These storage-unit collections aren’t always a bust. I do occasionally find things I can use, though nothing’s been terribly expensive. I sometimes get the “aw, I thought these would be worth more” response, but they are still happy to get the money, and I certainly hope they know I’m giving them as fair an offer as I’m able.
And once in a while, after I look at a collection and decline it, the person selling it decides that they don’t want to bother taking it with them and just dump it on us as a donation. Usually I’ll just throw ’em in the bargain bins, or (ahem) the recycle bin. However, just recently this one fellow, whom I unfortunately had to inform that his books were in unsellable condition, said “well, I had this, too, and I don’t want to deal with it, so you go ahead and keep it,” and tossed one of these on the counter before departing:
That would be a 1967 Peanuts
wall calendar (or, rather, the Peanuts Date Book 1967
). Here’s a shot of it opened up:
It’s not in bad condition…no water damage, no writing, doesn’t even appear to have been used. At worst, it may have been flipped through a few times, but otherwise it seems to have just been stored away for 46-something years. A quick look at Amazon shows some reasonable pricing in the $20-$25 range, plus some…enthusiastic pricing at nearly $200. EBay shows one being offered in the $12 range ($16 Buy-It-Now), and none showing up in the recent sales search. Had he actually offered it for us to buy, I probably would have passed, since old calendars, even neat collectible-ish ones like these, are a real bear to sell. But getting it for free? Heck, I’ll just keep it in the personal Peanuts collection, and besides, the calendar will be good again
in 2017, 2023, 2034, and 2045, so I’ll be saving a few bucks those years.
I’ll still happily look through anyone’s abandoned storage unit collections. I’m sure the long promised copy of the first Superman that everyone’s claimed to have once owned has to turn up eventually.
So it appears that with Fantagraphics’ The Complete Peanuts: 1989 to 1990, we are fully into the “Snoopy likes cookies” jokes phase of the strip:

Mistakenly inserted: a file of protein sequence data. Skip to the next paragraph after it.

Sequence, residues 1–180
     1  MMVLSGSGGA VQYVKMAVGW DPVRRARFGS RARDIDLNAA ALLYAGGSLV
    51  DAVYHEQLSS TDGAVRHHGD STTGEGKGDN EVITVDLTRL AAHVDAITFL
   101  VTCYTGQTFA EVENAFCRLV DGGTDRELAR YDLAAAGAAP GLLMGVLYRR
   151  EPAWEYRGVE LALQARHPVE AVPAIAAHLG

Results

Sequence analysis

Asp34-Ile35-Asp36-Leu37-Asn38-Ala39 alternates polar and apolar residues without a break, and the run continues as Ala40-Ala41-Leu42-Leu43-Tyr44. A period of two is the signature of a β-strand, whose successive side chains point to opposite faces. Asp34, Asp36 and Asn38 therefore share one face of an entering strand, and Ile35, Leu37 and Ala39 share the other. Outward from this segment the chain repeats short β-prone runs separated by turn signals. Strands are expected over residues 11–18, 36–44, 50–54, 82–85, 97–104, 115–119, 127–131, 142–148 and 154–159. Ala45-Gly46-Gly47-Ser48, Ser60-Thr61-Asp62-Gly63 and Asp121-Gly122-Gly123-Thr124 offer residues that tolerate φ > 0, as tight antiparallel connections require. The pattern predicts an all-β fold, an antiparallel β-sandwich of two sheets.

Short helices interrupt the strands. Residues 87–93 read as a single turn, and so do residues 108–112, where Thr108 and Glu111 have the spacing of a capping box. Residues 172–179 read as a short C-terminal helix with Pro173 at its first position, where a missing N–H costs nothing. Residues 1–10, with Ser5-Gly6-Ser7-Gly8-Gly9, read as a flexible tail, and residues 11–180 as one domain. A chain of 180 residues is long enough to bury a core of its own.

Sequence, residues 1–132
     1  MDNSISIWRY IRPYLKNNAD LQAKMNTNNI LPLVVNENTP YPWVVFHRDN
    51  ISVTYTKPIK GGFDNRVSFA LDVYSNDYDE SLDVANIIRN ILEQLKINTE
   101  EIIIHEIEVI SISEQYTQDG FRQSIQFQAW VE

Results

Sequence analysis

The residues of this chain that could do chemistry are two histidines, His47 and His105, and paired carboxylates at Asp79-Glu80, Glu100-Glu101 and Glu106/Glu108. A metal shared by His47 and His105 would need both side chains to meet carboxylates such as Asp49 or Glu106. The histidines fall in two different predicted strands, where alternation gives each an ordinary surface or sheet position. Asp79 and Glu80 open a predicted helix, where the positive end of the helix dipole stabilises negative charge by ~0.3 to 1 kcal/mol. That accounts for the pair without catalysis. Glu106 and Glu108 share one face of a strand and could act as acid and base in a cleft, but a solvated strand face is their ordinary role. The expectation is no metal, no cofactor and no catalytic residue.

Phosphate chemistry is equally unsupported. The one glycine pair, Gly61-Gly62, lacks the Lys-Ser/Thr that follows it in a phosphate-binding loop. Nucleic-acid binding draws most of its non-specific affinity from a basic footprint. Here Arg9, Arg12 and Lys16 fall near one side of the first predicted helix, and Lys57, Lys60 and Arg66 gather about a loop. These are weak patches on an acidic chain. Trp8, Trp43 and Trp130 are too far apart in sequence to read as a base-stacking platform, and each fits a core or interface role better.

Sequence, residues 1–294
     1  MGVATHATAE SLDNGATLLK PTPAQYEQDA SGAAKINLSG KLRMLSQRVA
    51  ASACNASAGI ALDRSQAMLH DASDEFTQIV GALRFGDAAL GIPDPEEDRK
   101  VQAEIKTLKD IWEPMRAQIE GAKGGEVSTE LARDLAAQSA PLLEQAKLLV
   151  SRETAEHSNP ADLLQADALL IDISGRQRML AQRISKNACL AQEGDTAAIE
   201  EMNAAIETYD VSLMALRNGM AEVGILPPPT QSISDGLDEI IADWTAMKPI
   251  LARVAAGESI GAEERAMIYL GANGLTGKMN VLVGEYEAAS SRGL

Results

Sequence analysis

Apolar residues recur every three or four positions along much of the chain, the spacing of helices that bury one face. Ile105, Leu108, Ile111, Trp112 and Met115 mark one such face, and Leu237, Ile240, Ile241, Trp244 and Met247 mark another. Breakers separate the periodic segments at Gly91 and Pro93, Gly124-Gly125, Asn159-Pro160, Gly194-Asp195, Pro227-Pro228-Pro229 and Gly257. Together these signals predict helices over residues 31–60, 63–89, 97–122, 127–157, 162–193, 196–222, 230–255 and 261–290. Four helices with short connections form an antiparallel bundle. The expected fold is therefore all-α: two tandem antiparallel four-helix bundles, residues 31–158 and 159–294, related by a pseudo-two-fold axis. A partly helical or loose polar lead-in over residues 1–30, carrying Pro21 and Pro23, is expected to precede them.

I remember picking up a couple of the softcover strip collections way back when, while Peanuts
was still being produced, and noticing the proliferation of cookie-related punchlines. I wasn’t particularly fond of these strips then, as many of the jokes seemed to me at the time really only technically
“punchlines,” where the humor of any particular installment seemed to be, as noted, “Snoopy likes cookies.”
I think my stance on this pressing issue is a bit more forgiving now, since I find myself enjoying the strips not so much as, you know, any kind of deep insight into the human (or beagle) condition, or as a laugh-out-loud gag, but as just a…I don’t know, a soft smile or a quiet sense of gentle bemusement as a familiar character repeatedly expressed his quirk. Also, I think I’ve since come to appreciate Schulz’s commitment to the cookie joke repetition…he decided that Snoopy liked cookies, that he thought it was funny, and by God he was going to use his comic strip to explore every freakin’ facet of that comedy gem. Plus, the dude did work on this strip for fifty years. If anyone deserved being cut a little slack, it’s him.
There may also be a small element of reappreciating someone’s work in the light of “well, there ain’t gonna be no more, so enjoy what you have.” I’ve mentioned this before in relation to Jack Kirby’s 1970s output, which was mocked in some quarters at the time, but now try to find someone who doesn’t love Devil Dinosaur.
Also in this book is this reference to Siskel and Ebert, as Sally and Charlie Brown discuss a movie they’re about to see:
Well, to be fair, that could
be a reference to Jeffrey Lyons and Michael Medved, who were also hosting a movie review TV show
at the time.
And here’s yet another terrifying example of Snoopy just straight-up speaking:
Or Schulz just merged the thought balloon and the “woof woof woof” speech balloon together, but that possibility is not nearly as fun.
AAAAAUGH! It’s terrifying! Demon! Sorcerer
Well, okay, Charles Schulz just gave Snoopy a speech balloon instead of a word balloon, which he did once or twice over the years. I think we can cut the man some slack. But still, this is the sort of thing that always stops me dead with its…wrongness, somehow. There’s a measure of communication between human and animal characters in Peanuts, of course, but never do the animals explicitly “speak” to any of the children (unless there’s something I missed).
However, there is a strip later in the volume where I spotted the above panel (The Complete Peanuts: 1985-1986) in which Marcie calls Snoopy by the name of “The Lone Beagle,” a sobriquet Snoopy used to refer to himself during one of his flights of fancy in the previous days’ strips. At first I believed it could only have been communicated to Marcie via direct speech. Then again, perhaps Marcie was able to infer the name by observing Snoopy’s acting-out of his fantasy, which opens up yet more questions regarding Snoopy’s undoglike behavior and its general acceptance in the Peanuts universe, but perhaps that’s far enough down that rabbit hole.
In other news:
- There’s some interesting stuff going on between Fantagraphics and Dave Sim regarding the possibility of new packaging of Cerebus material being covered by the Moment of Cerebus site. No idea if it’ll ever happen, but it sure is fascinating reading the back-and-forth of what would be required to make such a project materialize.
This is all in response to Sim’s statement in the last issue of Glamourpuss that he’s pretty much done with comics, and how some folks responding with the desire for him to be able to continue producing work. One of my readers asked for my thoughts on the matter, particularly from the retail end, and…well, heck, let’s just do it here instead of putting it off for another day.